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DoD launches effort to collect 8,000 units of COVID-19 convalescent plasma

Lt. Gen. Dorothy Hogg, Surgeon General, and Chief Master Sgt. G. Steve Cum, Medical Enlisted Force and Enlisted Corps chief, discuss convalescent plasma therapy as part of treatment for COVID-19. (U.S. Air Force video by Air Force Television Pentagon)

WASHINGTON (AFNS) -- Patients who have recovered from COVID-19 may hold treatment in their veins that could help others who are critically ill with the respiratory infection.

“The Air Force is participating in a Department of Defense-wide effort to further investigate the benefits of convalescent blood plasma,” said Lt. Gen. Dorothy Hogg, Air Force Surgeon General. “We plan to collect more than 8,000 units of plasma from individuals who have recovered from COVID-19. This is a big job and we need your help.”

Donations will be accepted at 15 Armed Services Blood Program centers across the continental United States, and in Hawaii, Guam and Germany (a complete list of centers accepting donations appears at the end of this article, and is available online).

Patients fully recovered from COVID-19 are the only ones who qualify to be a COVID-19 convalescent plasma (CCP) donor, said Army Col. Audra Taylor, chief of the Armed Services Blood Program. DoD personnel and their families, as well as non-DoD civilians with access to collection facilities on installations, are welcome to donate.

"Our goal as a lifesaving program is to always provide a safe and ample supply of blood products. The need is now," Taylor said. "We are calling for all who are healthy, able and eligible to donate today to help us all stand mission ready and save lives."

Why convalescent plasma is collected

When a person contracts SARS-CoV-2, the virus that causes COVID-19, their immune system creates antibodies to fight the virus. These antibodies are found in the plasma, the liquid part of blood, Taylor explained.

Plasma with infection-fighting antibodies is called convalescent plasma, she said. Through the blood-donation process, this plasma is collected from a donor who has recovered from COVID-19 and may be transfused into a sick patient who is still fighting the virus, if they qualify for this type of treatment. This may boost the immune system of the patient and help with the recovery process, Taylor said.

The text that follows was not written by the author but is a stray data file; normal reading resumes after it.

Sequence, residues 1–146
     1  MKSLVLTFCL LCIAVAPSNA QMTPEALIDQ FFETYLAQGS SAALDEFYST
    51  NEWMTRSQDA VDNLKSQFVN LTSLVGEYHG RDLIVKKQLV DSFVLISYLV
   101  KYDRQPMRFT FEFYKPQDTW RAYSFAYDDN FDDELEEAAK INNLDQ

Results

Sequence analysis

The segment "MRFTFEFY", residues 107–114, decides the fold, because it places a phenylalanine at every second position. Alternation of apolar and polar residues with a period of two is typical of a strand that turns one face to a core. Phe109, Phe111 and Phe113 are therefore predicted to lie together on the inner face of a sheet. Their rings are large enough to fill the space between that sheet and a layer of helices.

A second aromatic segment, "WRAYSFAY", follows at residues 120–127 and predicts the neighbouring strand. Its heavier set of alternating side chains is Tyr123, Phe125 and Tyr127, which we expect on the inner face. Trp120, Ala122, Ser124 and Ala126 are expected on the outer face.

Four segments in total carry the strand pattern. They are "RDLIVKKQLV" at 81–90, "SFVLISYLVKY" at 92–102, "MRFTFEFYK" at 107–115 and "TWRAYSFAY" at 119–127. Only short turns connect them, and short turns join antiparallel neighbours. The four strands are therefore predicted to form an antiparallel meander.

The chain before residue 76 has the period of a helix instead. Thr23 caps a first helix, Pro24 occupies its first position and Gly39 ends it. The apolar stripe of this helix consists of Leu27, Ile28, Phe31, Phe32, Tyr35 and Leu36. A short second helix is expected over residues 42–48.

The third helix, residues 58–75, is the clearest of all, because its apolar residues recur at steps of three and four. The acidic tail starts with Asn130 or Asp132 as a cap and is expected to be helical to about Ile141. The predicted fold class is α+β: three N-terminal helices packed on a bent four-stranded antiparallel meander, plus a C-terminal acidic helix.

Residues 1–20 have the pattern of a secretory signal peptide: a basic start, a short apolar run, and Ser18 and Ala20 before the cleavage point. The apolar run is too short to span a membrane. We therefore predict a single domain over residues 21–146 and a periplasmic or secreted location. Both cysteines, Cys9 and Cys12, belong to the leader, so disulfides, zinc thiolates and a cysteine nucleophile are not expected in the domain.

“Early research shows plasma from individuals who have recovered from a (COVID-19) infection contains antibodies that can help patients with severe COVID-19 illness,” Hogg said. “Early results in convalescent plasma therapy have shown great promise.”

Several COVID-19 patients in the Military Health System have received convalescent plasma transfusions as part of their treatment, Taylor said. The treatment, which must be carried out under and approved protocol, is used for those hospitalized and severely ill with the disease.

“The first patient to receive convalescent plasma in the Air Force occurred in the intensive care unit at Keesler Air Force Base (Mississippi) in April of this year,” said Chief Master Sgt. G. Steve Cum, Medical Enlisted Force chief and Enlisted Corps chief. “This patient received plasma from the Armed Services Blood Program and was treated, has fully recovered and has been discharged.”

Eligibility requirements

Donating CCP is the same as a standard platelet or plasma donation, and must meet specific requirements set by the Food and Drug Administration. Donors must be at least 17 years old, weigh at least 110 pounds and be in good health. Women who have ever been pregnant may need additional testing for specific human leukocyte antigen antibodies that may be present in their blood. In addition to these standard requirements, those who have fully recovered from COVID-19 must be symptom-free for at least 14 days. Donors must also produce documented laboratory test results proving they tested positive for the virus, Taylor explained.

"If a donor believes they meet these requirements, they must first contact the local blood donor center before coming in, and if they qualify, set up an appointment," said Army Col. Jason Corley, Army Blood Program director. "Once set up, the donor must bring the required documentation and undergo the standard donation procedure. Final determination will be made by the medical director or designee."

“The process of donating is similar to routine plasma donation and takes just slightly longer than a blood donation,” said Hogg. “We are counting on you to spread the word about this vital program by telling your friends, family and others in our Air Force community about the need for donors.”

“Defeating COVID-19 is an ongoing effort and it will take all of us working together,” Cum said. “The Air Force Medical Service is committed to bringing all we have to fight this virus.”

ASBP Centers Collecting Convalescent Plasma:

Armed Services Blood Bank Center, Walter Reed National Military Medical Center, Bethesda, Maryland
Naval Medical Center Portsmouth Blood Donor Center, Portsmouth, Virginia
Fort Bragg Blood Donor Center, Fort Bragg, North Carolina
Kendrick Memorial Blood Center, Fort Gordon, Georgia
Sullivan Memorial Blood Center, Fort Benning, Georgia
Blood Donor Center, Keesler Air Force Base, Mississippi
Lackland Air Force Base Armed Services Blood Bank Center, Joint Base San Antonio-Lackland, Texas
Robertson Blood Center, Fort Hood, Texas
Akeroyd Blood Donor Center, Fort Sam Houston, Texas
Fort Bliss Blood Donor Center, Fort Bliss, Texas
Naval Medical Center San Diego Blood Donor Center, San Diego, California
Armed Services Blood Bank Center – Pacific Northwest, Joint Base Lewis-McChord, Washington
Tripler AMC Blood Donor Center, Tripler Army Medical Center, Hawaii
Naval Hospital Blood Donor Center, Guam
Armed Services Blood Bank Center Europe, Landstuhl Regional Medical Center, Germany

Additional information:










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